Tuesday, November 24, 2015

My Garden's A Mess-- I Like It That Way

This "untidy" wildlife garden provides important habitat for lots of small wild creatures.

My garden's a mess! Here's why that's ok.

Lots of garden books and websites talk about tidying your garden at the end of fall: cleaning up, removing dead and spent plants and debris, and so forth. I always used to feel guilty when I read those articles because I never got around to much outdoor tidying. But I've learned since then that you want to help wildlife it's actually important to leave quite a bit of deliberate mess in your winter garden. Hooray!

My garden beds are only ever tidy looking before anything has been planted there,
like these two new beds I added this fall.  They'll never be this "tidy" again.

What To Keep... and What to Discard

Of course it matters what you keep and what you don't. I'm not advocating complete garden anarchy here. You definitely want to clean up and discard any diseased plants, and you probably want to remove the more persistent weeds that are likely to survive through the winter. Otherwise you'll still have the same disease around in the spring, and those weeds will only be stronger for having slowly grown enormous root systems during the winter. Little devils!

You should, however, keep plenty of seedheads from your flowers so that winter birds can munch on them. My goldfinches love echinacea, for example. Also important are hollow plant stems. Many insects survive the winter by sheltering inside them, and birds like Carolina Wrens and Downy Woodpeckers love snacking on those little nuggets when they find them!

Plenty of seeds in this goldenrod for the finches, and I'm sure lots of tiny insects and spiders for wrens as well!

Leaf debris is important for your garden's health as well as the wildlife's. Not only will the leaves slowly decay over the winter, returning important nutrients to your soil, but many small creatures will shelter in them. Many moth species form their cocoons in the leaf litter, so if you're too assiduous in removing fallen leaves you might actually be removing your gorgeous moths as well!

Over the years plenty of fallen leaves have built up in this bed. I add to them by raking in leaves from my driveway or the road gutters. The natural mulch definitely helps my plants; I hope there are unseen creatures benefiting too.

Additions To the Messy Fall Garden: Structures and Shelters

I often also leave up some of the trellis structures I built, since many birds like to perch on them during the winter. My feeders get pretty crowded at times, and it's fun to see whole squadrons of finches and doves lined up on the fences and tomato frames waiting their turn. If you're participating in FeederWatch this season, like I wrote about here, you get to count all the birds attracted to your yard, whether they're actually on the feeder or just waiting. Bonus! If you didn't have any trellises in your summer garden, you could easily add some structures for the fall & winter.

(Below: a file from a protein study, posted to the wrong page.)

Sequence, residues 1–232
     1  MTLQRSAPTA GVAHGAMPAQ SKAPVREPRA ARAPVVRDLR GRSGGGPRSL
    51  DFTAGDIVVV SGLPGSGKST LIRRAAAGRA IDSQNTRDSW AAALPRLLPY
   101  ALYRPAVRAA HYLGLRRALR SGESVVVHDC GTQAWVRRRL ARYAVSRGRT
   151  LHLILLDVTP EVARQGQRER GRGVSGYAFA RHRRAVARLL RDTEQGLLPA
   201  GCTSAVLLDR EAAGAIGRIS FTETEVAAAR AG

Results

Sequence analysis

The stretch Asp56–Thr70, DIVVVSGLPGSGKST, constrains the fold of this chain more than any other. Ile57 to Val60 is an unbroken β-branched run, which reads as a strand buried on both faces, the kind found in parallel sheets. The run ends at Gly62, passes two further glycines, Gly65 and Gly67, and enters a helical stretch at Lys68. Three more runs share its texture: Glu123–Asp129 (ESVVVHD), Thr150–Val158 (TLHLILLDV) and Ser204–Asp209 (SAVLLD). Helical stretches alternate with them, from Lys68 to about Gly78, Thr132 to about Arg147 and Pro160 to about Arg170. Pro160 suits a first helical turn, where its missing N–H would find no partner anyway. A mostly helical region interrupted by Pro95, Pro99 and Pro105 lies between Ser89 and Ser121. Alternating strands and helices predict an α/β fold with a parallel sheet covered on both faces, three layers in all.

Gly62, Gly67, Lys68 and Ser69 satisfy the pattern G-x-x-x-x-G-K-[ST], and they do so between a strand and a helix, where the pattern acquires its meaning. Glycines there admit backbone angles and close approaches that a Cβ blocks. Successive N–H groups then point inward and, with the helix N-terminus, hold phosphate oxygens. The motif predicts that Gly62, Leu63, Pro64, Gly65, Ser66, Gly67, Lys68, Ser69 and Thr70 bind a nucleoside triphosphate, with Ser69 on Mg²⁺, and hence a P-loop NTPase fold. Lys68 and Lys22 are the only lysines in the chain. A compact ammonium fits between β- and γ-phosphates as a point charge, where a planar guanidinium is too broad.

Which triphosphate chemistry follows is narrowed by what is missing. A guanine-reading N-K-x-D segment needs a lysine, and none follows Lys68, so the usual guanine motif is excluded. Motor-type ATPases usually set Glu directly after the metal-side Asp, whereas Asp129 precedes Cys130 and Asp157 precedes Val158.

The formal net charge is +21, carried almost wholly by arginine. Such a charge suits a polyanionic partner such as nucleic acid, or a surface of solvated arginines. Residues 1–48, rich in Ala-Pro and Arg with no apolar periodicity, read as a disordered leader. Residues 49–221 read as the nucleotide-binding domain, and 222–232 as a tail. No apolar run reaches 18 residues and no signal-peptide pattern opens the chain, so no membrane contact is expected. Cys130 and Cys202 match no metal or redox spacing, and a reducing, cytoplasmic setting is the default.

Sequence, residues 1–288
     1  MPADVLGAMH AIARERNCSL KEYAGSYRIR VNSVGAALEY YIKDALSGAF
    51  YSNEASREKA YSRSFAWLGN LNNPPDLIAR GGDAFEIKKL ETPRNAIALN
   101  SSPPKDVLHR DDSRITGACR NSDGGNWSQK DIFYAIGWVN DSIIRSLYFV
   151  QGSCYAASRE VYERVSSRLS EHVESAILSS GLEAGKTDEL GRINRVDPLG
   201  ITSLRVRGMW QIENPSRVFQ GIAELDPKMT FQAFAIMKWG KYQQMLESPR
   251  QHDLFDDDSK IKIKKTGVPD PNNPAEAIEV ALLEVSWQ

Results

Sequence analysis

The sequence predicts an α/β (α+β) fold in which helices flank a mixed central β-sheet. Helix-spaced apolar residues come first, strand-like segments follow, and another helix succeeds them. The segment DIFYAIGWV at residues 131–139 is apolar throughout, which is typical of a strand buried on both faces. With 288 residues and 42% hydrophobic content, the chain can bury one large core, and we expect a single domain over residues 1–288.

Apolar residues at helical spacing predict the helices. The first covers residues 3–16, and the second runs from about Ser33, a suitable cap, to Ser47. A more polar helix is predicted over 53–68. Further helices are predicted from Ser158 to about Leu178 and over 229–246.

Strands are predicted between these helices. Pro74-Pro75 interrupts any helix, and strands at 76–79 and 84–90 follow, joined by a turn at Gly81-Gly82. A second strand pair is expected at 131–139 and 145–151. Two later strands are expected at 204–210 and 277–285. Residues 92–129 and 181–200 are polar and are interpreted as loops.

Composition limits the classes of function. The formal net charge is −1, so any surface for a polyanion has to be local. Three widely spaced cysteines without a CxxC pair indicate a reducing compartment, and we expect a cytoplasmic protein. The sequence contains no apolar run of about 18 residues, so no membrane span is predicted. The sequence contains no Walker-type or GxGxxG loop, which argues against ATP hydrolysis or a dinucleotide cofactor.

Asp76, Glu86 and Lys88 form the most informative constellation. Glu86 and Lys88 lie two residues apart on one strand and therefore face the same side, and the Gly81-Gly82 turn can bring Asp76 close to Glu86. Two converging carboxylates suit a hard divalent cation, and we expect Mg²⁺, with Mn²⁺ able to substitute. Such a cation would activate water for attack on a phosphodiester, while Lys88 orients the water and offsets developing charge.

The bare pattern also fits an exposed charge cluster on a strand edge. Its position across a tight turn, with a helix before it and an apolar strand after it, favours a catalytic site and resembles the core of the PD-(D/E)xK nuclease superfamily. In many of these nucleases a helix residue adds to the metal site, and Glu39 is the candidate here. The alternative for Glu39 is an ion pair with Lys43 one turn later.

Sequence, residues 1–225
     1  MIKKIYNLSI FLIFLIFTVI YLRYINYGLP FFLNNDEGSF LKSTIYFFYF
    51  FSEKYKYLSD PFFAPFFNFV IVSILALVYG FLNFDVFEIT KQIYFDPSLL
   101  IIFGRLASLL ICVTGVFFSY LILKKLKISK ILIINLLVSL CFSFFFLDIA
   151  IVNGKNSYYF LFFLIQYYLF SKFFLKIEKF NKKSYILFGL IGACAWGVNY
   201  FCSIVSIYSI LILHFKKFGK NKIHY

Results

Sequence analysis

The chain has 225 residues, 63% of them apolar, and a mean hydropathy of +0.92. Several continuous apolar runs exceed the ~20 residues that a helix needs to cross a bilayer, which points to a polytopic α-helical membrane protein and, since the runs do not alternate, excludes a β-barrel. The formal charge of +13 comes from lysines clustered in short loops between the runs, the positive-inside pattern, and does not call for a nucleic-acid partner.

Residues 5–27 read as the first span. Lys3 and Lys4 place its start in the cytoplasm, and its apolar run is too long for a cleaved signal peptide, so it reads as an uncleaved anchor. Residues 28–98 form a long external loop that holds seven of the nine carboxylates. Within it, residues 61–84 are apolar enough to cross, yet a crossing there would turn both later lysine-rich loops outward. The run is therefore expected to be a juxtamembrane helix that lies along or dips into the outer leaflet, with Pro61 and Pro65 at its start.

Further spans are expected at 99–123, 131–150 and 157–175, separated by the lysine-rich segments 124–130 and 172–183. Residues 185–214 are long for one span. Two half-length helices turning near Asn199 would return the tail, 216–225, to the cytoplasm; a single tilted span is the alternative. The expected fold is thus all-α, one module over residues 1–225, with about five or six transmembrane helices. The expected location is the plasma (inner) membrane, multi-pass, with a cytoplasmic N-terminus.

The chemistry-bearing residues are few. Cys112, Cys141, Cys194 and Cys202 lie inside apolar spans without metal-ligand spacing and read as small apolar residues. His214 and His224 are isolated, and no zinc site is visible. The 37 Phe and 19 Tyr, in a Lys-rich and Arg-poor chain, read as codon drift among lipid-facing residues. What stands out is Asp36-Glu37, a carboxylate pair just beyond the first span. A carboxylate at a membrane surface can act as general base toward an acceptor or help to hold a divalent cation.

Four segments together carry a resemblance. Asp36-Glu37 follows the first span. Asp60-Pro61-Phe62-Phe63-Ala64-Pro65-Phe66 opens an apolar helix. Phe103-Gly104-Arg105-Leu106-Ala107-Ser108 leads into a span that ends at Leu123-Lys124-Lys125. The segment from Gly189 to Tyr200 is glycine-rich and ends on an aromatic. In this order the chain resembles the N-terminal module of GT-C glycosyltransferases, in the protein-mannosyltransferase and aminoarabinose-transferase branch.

This fence at the edge of my property is often full of sparrows waiting their turn at the feeder, or surveying the area before deciding it's safe enough to forage on the ground. You could provide similar benefits with something as simple as a twiggy branch or two stuck in the ground.

Some butterflies that overwinter as adults, like Commas and Question Marks, will shelter under loose bark to survive the cold. If your trellis was built from natural logs or branches, you might host a few butterflies too! Some wildlife gardeners also like to keep a loose brush pile to provide shelter in the wintertime. One of the most important things about building a brush pile for shelter is to make sure there are plenty of holes and access points for small creatures to enter. Chipmunks, shrews, insects, songbirds, and more might use your brush pile to escape cold, rain, and snow, as well as hide from their predators. In my wildlife garden beds I just leave lots of fallen leaves and debris for small creatures to use as shelter.

The tangles of sprawling wood aster provide plenty of cover for small sparrows, and also keep blooming quite late in the season, providing food for many honey bees and other insects.

So whether you're a lazy gardener, a newbie gardener running out of time, or even an experienced gardener just starting to get into this whole gardening for wildlife thing, relax! The stuff you don't have time to clean up from your garden this fall is probably better off left in place. You can even build new structures to add to your garden's habitat, like creating special log piles to give wrens a cozy place to hide from predators, or adding stumps with loose bark to shelter butterflies and other bugs.

I hope you enjoy sharing your garden with wildlife this fall and winter. What else do you do in the cold weather to make a welcoming home for birds, bugs, and other beasties? Leave me a note in the comments so I can try it too!

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